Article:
Contra pop culture

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What is the definition of opposition? Sometimes, the barriers that opposition causes are more subtle, unspoken pressures. We don’t speak about unspoken pressures, especially when they don’t seem significant. These barriers prevent us from being aware of how much we are affected by entertainment: by the clothes we wear, the books we read, the music we listen to.

As high schoolers, our identity is often what we consume rather than our actual personalities. And often, there’s an “in-list” of what to consume. It’s what you felt when you forced yourself to read “The Fault in our Stars” by John Green. The confusion in middle school when you opened your closet and saw the words Abercrombie and Fitch on every single one of your shirts. That sour taste in your mouth when you hear “Can’t Stop the Feeling” on the radio, but leave it on anyways.

That’s why the people at our school, who don’t give in to pop culture, are our rebels. It’s too easy for us to just do what the people around us are doing. And it’s harder than it sounds to say, no, I don’t like that new Drake song, and take the time to discover our own version of pop culture.

In middle school, junior Daria Syskine stopped reading fantasy fiction once she realized she could just read “Lord of the Rings” and be able to predict the plot of most other fantasy novels. Not only is Syskine a voracious reader, after years of curating her reading tastes, she now prefers to read classics rather than series like The Hunger Games or Divergent.

“I like books that are more complex and less focused on action or teenage love triangles and more on character,” Syskine said.

For instance, one of Syskine’s favorite authors is Ray Bradbury, the same Bradbury who wrote Fahrenheit 451. Just as her favorite genre used to be fantasy in middle school, Syskine now has a thing for dystopian novels. Unfortunately, Syskine’s unusual taste in literature leaves her few people to talk to about her readings. Just recently, Syskine read Watership Down by Ray Bradbury. But when she approached her friends and helplessly referred to the book as “the one about the rabbits,” all she received were blank stares.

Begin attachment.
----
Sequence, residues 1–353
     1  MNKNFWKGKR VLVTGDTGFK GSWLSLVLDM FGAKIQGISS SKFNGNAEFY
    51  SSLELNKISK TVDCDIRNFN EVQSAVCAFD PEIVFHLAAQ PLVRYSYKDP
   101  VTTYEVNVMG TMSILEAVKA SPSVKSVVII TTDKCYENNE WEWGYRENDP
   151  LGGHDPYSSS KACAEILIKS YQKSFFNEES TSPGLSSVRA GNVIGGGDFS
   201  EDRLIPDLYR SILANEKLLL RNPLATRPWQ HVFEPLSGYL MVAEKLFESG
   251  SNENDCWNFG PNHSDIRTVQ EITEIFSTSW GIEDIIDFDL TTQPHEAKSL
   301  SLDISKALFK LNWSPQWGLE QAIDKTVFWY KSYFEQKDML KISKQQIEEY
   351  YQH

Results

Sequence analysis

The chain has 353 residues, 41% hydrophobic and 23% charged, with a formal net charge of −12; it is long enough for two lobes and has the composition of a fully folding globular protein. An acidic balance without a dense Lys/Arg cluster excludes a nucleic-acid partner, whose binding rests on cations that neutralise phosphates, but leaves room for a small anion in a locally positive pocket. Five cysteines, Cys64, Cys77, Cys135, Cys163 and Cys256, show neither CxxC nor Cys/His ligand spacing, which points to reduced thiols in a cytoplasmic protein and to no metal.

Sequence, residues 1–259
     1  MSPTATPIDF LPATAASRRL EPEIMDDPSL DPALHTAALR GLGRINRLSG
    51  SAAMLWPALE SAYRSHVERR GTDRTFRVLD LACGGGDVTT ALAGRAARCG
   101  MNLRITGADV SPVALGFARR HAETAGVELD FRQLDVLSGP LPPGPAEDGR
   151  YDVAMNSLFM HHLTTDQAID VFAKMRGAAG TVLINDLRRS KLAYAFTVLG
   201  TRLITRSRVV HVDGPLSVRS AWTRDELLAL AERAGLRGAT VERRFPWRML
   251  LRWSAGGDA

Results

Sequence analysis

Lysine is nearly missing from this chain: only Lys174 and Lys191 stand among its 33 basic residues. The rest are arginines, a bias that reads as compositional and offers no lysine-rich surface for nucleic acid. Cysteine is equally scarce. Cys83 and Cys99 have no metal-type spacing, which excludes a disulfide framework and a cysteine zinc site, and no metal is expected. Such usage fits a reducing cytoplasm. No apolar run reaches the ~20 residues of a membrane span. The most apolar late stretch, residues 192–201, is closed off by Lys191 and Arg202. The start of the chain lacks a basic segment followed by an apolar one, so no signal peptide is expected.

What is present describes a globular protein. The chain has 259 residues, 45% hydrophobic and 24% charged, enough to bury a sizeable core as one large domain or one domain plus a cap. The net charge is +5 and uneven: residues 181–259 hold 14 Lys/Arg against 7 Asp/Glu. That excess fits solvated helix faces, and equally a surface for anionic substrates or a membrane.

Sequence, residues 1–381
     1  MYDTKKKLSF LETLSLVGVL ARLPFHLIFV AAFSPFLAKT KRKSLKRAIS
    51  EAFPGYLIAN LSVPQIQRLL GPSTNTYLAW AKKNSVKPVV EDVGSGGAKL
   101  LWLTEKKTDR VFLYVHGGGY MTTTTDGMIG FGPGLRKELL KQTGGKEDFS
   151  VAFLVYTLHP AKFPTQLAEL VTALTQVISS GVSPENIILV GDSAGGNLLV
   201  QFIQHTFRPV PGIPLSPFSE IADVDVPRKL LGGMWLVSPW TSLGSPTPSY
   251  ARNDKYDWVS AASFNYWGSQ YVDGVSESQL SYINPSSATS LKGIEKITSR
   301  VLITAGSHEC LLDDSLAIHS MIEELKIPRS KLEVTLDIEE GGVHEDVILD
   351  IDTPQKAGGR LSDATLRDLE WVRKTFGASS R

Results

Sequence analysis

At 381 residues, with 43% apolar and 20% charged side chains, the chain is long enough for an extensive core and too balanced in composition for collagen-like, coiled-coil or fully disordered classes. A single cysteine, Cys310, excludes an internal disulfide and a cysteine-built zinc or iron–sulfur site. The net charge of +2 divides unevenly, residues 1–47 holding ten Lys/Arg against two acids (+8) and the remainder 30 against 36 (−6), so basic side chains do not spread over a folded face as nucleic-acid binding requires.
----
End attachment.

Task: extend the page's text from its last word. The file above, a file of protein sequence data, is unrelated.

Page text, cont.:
“I’ll find a book with a lot of cool ideas,” Syskine said. “But there’s no one to discuss it with.”

However, the rejection of the more popular and cliche ideas comes from being exposed to them.

“I don’t like outright rejecting [pop culture]because usually there’s a reason that it’s popular,” Syskine said. “I’ve read Hunger Games and Divergent so that I can at least know what I’m talking about if I tell people I don’t like it.’

Rather than defy pop culture, sophomore Georgiy Bondar blatantly laughs at it. Knowing how opposed to Trump the majority of MVHS is, Bondar often comes to school sporting Trump apparel and the Kennedy Middle School P.E. uniform.

“It’s cause I like [Trump] and a lot of people at this school don’t,” Bondar said. “And it’s fun to mess with people.”

Although Bondar does not usually get many responses, one person has told him to f-off at school before.

“I don’t care if someone yells at me,” Bondar said. “I just think it’s funny.”

Bondar admits that much of his behavior stems from his natural tendency to mess with people, but he also dresses the way he does to oppose the mainstream culture at MVHS.

“I don’t like social media, and a lot of the culture here stems off of that,” Bondar said.

Bondar’s opinions may not be popular, but at least he tells MVHS what they are.

It’s not just these two that have decided to reject the grain. There’s a real hipster within all of us here at MVHS. We just need to put in the energy to find it.

 

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About Author

Kalpana is a current managing editor and previous sports editor of this publication.